Secondly, you will more than likely have to deal with a constant stream of people who move away. Why do they do that? Because they get tired of the crime, the grime, the traffic, and the high cost of living. They want a slice of the American dream and they cannot afford it in the inner city. Often you will lose these people just as they hit the most productive period of their church membership. I realize I am speaking a bit openly here but it just fact. They will tell you they are still going to drive in and attend your church. They mean it when they tell you that, and they will – for a while. But eventually the travel will become a greater and greater aggravation, and their participation rate will fall until they just bite the bullet and find a church closer to their recently purchased home in the suburbs. Even in a good church with a careful pastor and committed people your turnover rate will still be much higher than the equivalent rural congregation.
Third, crime. Sometimes the church has to deal with this directly. The first twelve months I pastored in Chicago was an eye-opening experience. In that time we had an entire Sunday offering stolen, PA equipment stolen, vans keyed, car batteries stolen, spare tires stolen, landscaping stolen, headlights shot out, gangs tagged our building with graffiti, air conditioners vandalized, and drunks who insisted on sleeping it off directly outside the front door. To some extent or other all of those are a constant problem. And if they are not an active problem they are still problematic. It is a hassle to lock every door every time you go in and out of one but you have no other choice. Where, when, and how late you send a youth group out or a group of people out witnessing all has to be balanced carefully. Indirectly, the church has to deal with it because your people are always dealing with it. Their garages are broken into, someone on their block got shot last week, two doors down is a drug house, their car windows were smashed and their GPS stolen, someone mugged them while they were walking to church, their teenager is being hassled by the gangs in school, or dealing with the grief that comes when your peers becomes victims of violence, etc. In addition to all of this you will also have personal concerns for your family.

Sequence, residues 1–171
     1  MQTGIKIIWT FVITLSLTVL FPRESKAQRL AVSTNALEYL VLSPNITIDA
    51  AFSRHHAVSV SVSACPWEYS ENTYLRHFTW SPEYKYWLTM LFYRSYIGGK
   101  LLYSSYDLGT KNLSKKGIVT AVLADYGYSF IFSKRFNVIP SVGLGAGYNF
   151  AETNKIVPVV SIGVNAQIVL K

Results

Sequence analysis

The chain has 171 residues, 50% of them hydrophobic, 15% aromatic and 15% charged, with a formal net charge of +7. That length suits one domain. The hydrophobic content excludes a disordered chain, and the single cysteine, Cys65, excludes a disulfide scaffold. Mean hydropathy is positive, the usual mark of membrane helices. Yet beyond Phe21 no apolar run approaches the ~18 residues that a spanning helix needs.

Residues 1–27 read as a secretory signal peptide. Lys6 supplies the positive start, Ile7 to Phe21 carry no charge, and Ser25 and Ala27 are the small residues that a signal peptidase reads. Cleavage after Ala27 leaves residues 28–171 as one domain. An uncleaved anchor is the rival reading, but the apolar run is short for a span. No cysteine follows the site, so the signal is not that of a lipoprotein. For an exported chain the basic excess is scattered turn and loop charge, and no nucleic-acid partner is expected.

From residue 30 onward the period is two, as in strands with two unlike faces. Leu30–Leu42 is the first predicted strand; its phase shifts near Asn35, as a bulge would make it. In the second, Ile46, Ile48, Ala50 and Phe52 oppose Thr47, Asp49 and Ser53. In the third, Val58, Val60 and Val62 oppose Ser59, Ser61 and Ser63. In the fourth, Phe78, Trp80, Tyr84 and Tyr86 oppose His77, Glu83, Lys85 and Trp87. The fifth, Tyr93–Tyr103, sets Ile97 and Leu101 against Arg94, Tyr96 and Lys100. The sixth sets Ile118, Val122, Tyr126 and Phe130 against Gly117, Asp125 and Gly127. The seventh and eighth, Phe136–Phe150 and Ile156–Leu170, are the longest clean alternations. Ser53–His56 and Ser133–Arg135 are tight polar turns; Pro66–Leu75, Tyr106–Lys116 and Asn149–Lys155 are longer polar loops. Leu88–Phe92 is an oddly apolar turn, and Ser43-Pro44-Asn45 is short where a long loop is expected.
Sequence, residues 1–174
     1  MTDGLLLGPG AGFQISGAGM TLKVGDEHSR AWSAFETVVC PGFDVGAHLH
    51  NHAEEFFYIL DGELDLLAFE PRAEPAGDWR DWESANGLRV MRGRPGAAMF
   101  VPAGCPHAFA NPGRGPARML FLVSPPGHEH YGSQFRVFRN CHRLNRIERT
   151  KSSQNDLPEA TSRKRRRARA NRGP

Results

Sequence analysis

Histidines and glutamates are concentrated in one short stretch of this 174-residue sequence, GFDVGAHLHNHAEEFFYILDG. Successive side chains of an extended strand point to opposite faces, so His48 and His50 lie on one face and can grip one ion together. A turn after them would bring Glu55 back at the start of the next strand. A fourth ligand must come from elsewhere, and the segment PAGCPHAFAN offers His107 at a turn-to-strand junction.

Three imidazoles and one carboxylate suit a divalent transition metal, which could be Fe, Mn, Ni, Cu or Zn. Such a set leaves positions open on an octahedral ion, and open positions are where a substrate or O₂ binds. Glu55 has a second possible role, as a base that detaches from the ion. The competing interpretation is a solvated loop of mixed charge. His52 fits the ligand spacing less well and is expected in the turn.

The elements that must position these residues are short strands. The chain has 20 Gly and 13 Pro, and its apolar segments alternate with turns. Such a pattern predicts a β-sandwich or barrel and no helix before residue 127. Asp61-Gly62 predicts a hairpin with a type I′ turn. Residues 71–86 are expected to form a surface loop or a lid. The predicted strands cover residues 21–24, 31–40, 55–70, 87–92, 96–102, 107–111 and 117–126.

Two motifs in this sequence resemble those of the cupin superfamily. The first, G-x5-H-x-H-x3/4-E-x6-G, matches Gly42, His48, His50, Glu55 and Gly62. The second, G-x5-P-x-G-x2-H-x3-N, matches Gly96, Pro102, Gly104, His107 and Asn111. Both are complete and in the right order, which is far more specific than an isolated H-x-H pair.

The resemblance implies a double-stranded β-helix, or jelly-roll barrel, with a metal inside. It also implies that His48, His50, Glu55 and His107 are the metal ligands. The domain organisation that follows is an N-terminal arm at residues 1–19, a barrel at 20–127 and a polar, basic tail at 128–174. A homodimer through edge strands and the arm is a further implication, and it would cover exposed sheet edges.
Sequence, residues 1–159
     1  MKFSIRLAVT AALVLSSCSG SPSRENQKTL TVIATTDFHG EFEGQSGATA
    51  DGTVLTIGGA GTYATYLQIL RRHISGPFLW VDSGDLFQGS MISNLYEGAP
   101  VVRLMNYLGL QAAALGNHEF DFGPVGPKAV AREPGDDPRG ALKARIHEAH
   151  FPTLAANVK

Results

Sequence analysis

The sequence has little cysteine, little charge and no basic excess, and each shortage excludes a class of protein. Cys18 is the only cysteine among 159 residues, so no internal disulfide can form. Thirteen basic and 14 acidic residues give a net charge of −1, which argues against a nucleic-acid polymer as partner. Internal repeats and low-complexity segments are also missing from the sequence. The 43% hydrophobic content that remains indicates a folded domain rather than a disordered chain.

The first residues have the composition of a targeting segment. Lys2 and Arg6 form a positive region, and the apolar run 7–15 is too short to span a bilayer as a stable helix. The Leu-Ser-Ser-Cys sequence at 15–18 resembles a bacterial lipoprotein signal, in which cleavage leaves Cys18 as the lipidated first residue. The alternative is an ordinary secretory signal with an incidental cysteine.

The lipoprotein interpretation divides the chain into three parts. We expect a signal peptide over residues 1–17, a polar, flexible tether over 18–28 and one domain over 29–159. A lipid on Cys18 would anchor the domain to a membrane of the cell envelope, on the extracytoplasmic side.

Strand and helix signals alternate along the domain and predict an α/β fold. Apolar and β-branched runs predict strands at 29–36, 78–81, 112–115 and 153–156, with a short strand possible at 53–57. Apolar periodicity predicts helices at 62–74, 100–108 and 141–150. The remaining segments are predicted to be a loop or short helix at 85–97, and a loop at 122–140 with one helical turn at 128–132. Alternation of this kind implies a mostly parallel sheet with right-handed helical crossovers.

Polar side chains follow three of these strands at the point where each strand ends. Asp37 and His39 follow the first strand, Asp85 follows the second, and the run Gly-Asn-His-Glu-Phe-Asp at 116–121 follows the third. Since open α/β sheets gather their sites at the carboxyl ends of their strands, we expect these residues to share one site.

Some of you are muttering, "You aren't making this whole urban ministry thing sound very attractive to me."
Good. I do not want to make it sound attractive. I want you to count the cost.
Fourth, you may not ever like the place you live. Certain kinds of people love the city. They love the busyness of it, the fast pace of life, the never-ending variety, the wide availability of good food and interesting people and new jobs. They go to the country and get nervous because it gets dark at night and there is no 24 hour bus service. Everything is vanilla. Not to mention it is just so quiet they cannot rest. If you are one of those kinds of people then urban ministry will not be difficult for you in this respect. But if you are not a city person then you must carry that too. You will feel claustrophobic, hemmed in, and aggravated. You will long for peace and quiet. You will miss the slower pace of life, and the beauty of God's creation. And that will wear on you.